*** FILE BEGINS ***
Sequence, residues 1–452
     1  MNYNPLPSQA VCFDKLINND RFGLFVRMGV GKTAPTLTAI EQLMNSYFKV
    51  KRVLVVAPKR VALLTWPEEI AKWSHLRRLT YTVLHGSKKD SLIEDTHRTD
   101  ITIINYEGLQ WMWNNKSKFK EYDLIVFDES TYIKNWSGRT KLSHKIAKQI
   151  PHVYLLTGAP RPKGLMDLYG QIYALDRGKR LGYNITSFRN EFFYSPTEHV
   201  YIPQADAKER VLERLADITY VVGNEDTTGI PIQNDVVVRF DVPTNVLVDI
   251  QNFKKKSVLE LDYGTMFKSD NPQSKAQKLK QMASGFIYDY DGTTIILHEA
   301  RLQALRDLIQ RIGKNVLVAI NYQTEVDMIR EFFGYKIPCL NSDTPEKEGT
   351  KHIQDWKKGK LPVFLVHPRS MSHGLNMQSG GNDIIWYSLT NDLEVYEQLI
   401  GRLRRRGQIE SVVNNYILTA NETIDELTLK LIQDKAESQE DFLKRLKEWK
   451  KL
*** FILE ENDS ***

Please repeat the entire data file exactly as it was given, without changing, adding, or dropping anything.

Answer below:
Sequence, residues 1–452
     1  MNYNPLPSQA VCFDKLINND RFGLFVRMGV GKTAPTLTAI EQLMNSYFKV
    51  KRVLVVAPKR VALLTWPEEI AKWSHLRRLT YTVLHGSKKD SLIEDTHRTD
   101  ITIINYEGLQ WMWNNKSKFK EYDLIVFDES TYIKNWSGRT KLSHKIAKQI
   151  PHVYLLTGAP RPKGLMDLYG QIYALDRGKR LGYNITSFRN EFFYSPTEHV
   201  YIPQADAKER VLERLADITY VVGNEDTTGI PIQNDVVVRF DVPTNVLVDI
   251  QNFKKKSVLE LDYGTMFKSD NPQSKAQKLK QMASGFIYDY DGTTIILHEA
   301  RLQALRDLIQ RIGKNVLVAI NYQTEVDMIR EFFGYKIPCL NSDTPEKEGT
   351  KHIQDWKKGK LPVFLVHPRS MSHGLNMQSG GNDIIWYSLT NDLEVYEQLI
   401  GRLRRRGQIE SVVNNYILTA NETIDELTLK LIQDKAESQE DFLKRLKEWK
   451  KL